PM Narendra Modi (File image: PTI)
The prime minister’s speech in the Lok Sabha on Wednesday is remarkable both for its courage and its candour. Candour, because he uttered several home truths about the necessity for the new farm laws, about the need to shrink the state sector and the role of private enterprise and wealth creators in powering India’s development. Courage, because so far hypocrisy has been the rule, with reform and privatisation being done stealthily, furtively, lest the government be accused of being a ‘suit-boot-ki-sarkar’.
Of course, this government’s pro-business credentials are well known. It has carried out more reforms than any other Indian government. These include fundamental root-and-branch reform, such as the setting up of a Monetary Policy Committee, bringing in an inflation-targeting regime at the central bank, an expansion of market share for the formal economy through the introduction of the Goods & Services Tax, allowing contract labour in all industries, rolling back subsidies, enacting a bankruptcy law.
Other measures include rolling out the red carpet for foreign investors, initiating a clean-up of the real estate sector through RERA, improving the ease of doing business, involving the private sector in its road-building programme, lowering the corporate tax rate and pushing through and remaining firm on the new farm laws. It has made sure the private sector is a partner in its social programmes as well, such as affordable housing and its health insurance scheme. And in the recent Union Budget it minced no words in stating it will sell off government enterprises, airports, ports, pipelines, land, roads in a massive privatisation drive.
Clearly, the government no longer thinks it’s necessary to camouflage reforms. That is a momentous change, a watershed moment in India’s political economy.
So far, governments were careful to sing paeans to populism even when they were pushing through reforms. Even when they supported businesses, it was small business that received the encomiums, even though they knew very well it was big business that was the most productive, the most advanced, the most vibrant sector of the economy, contributing the most to capital accumulation and therefore to growth. Towards the informal sector, the dirty underbelly of the economy, governments adopted a Janus-faced attitude—either throwing sops at them or adopting a policy of malign neglect. The Modi government, by focusing on what matters--wealth creation--has changed all that.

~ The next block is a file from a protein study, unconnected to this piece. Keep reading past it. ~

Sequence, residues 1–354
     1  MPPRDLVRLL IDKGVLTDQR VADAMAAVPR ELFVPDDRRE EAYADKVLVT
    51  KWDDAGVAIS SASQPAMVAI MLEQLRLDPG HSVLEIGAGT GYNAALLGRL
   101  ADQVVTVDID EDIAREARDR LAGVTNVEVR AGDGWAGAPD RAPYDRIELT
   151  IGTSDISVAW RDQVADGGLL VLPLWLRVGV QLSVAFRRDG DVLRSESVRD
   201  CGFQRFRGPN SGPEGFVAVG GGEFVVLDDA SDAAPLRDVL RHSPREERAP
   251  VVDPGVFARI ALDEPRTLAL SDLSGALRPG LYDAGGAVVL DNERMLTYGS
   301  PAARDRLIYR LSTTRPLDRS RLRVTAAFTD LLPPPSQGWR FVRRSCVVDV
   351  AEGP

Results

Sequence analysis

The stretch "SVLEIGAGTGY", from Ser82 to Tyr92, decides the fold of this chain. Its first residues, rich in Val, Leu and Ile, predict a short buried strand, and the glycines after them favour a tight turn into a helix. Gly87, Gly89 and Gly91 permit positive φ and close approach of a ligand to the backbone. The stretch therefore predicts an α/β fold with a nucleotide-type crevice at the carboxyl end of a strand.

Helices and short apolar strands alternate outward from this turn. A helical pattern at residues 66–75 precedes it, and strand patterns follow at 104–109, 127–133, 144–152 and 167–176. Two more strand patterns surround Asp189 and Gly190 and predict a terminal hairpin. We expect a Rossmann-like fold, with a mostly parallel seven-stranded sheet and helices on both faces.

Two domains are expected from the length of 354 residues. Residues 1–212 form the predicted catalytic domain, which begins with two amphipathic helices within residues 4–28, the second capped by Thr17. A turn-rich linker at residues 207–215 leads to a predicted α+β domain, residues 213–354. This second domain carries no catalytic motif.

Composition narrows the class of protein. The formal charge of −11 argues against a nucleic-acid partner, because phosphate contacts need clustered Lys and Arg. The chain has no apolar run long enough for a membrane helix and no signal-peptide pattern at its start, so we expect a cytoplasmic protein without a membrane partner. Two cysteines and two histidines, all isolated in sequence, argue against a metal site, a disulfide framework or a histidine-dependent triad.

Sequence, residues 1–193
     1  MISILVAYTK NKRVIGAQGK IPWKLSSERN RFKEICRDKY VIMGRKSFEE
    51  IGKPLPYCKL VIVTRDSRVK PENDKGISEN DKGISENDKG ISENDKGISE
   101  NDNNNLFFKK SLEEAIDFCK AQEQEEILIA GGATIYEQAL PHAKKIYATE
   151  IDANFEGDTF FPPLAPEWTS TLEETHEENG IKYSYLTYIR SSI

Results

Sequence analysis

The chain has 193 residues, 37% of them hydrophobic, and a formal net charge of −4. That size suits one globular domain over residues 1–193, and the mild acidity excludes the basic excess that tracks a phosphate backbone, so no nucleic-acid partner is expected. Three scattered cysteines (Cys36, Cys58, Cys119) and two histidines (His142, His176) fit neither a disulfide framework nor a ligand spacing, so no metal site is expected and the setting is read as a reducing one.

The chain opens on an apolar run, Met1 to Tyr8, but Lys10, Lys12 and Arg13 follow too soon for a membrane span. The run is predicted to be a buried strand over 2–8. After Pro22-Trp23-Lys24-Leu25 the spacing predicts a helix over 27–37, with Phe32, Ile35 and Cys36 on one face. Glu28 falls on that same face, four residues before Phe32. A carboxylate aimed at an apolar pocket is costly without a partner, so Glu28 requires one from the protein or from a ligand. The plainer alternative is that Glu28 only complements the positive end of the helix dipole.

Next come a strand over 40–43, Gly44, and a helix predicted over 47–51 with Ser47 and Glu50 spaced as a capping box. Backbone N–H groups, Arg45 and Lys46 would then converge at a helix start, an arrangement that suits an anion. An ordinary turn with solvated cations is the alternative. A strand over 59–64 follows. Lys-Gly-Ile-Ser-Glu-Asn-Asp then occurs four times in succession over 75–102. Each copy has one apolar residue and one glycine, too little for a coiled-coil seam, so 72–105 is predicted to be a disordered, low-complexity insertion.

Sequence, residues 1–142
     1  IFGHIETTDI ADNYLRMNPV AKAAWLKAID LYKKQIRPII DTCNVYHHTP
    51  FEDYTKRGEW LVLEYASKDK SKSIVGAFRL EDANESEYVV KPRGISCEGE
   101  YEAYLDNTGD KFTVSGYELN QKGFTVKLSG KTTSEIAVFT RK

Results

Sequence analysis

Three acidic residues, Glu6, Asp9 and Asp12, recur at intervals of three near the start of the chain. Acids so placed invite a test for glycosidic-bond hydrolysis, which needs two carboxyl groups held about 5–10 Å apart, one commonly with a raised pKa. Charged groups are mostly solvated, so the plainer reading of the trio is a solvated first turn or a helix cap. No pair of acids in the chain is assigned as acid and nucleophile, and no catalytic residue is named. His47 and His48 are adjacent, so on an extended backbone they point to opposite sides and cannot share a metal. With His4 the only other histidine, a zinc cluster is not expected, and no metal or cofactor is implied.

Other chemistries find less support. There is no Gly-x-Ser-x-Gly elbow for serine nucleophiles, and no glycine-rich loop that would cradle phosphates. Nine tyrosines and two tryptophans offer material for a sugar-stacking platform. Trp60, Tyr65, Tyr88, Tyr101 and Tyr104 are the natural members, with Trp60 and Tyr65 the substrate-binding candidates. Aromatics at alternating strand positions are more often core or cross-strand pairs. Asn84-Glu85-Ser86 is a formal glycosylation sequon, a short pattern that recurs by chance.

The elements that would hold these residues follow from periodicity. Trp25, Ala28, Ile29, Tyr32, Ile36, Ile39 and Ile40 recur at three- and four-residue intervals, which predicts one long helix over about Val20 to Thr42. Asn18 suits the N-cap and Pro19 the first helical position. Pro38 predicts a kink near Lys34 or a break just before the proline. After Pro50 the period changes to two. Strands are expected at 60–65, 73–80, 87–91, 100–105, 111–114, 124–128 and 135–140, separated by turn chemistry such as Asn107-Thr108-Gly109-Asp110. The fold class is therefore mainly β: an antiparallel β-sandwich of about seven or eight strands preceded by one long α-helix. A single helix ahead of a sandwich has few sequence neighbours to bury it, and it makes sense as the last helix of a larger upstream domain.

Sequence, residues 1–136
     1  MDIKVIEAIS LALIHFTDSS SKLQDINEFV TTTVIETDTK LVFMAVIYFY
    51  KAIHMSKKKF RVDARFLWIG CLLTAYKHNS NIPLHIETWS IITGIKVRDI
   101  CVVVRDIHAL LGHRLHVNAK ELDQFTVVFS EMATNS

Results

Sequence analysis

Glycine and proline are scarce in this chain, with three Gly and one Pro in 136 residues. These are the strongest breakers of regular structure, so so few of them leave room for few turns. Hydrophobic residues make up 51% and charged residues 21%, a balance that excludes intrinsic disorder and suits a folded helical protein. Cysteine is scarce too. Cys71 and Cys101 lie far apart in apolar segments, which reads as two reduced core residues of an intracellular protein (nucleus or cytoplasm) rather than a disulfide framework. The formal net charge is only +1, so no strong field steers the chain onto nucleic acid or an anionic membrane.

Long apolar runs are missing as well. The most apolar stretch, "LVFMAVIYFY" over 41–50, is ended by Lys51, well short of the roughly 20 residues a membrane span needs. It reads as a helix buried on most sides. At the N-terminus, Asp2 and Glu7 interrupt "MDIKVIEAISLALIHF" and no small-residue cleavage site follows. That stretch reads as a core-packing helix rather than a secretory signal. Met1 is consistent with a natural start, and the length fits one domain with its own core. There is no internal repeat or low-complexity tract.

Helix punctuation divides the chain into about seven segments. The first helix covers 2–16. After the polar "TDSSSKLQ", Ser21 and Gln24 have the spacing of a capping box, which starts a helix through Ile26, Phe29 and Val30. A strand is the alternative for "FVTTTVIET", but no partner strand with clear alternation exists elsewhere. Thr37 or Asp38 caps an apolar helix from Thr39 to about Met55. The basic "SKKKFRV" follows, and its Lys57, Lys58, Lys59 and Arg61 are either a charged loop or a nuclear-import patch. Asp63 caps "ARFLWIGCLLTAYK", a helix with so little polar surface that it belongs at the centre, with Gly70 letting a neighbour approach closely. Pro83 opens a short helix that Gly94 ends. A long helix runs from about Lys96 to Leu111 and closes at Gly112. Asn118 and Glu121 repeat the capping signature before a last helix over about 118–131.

How has the Modi government been able to retain its popularity, despite the reforms? Simply put, the myth that the masses oppose reform has been busted. Indeed, they were never really enamoured of socialism in the first place, simply because, in Mahbub-ul-Haq’s memorable phrase, what India had was ‘ten percent socialism’---socialism for the top ten percent of workers who received all the benefits of secure employment, provident fund, pensions, paid leave et al, while the other 90 per cent eked out a precarious existence in the informal sector. For the masses, it mattered little whether the ‘commanding heights of the economy’ was in private or public hands—it didn’t make one iota of difference to their lives. No, the anti-privatisation lobby was in support of those vested interests who benefited the most from the old regime.
The government has also adroitly steered the discourse away from subsidies towards public goods, such as providing roads, electricity and clean water to the villages. To be sure, certain subsidies are unavoidable in a democracy, especially a poverty-stricken one, but this government has been able to tap other sources of legitimacy. Its Hindutva ideology and its focus on nationalism, for instance, have paid hefty political dividends. They understand well what George Orwell pointed out long ago, “human beings don’t only want comfort, safety, short working-hours, hygiene, birth-control and, in general, common sense; they also, at least intermittently, want struggle and self-sacrifice, not to mention drums, flags and loyalty-parades." The Roman satirist Juvenal put it more succinctly when he talked of ‘bread and circuses’. This government has proved adept at managing the tensions between the demands of capitalist development and democracy.
To be sure, development is by no means a smooth process---it is very disruptive, uprooting old ways of living and working. It is no easy task transforming a nation of peasants and petty producers into a modern capitalist one. The reforms are at a substantial cost and the benefits often come with long lags. New winners are created, but there are also many losers. Many countries have tried to develop and only a few have succeeded. And the current conjuncture has more than the usual share of uncertainties, both local and global.
The good news is that we have in the present government and the prime minister an unabashed champion of Indian capitalism.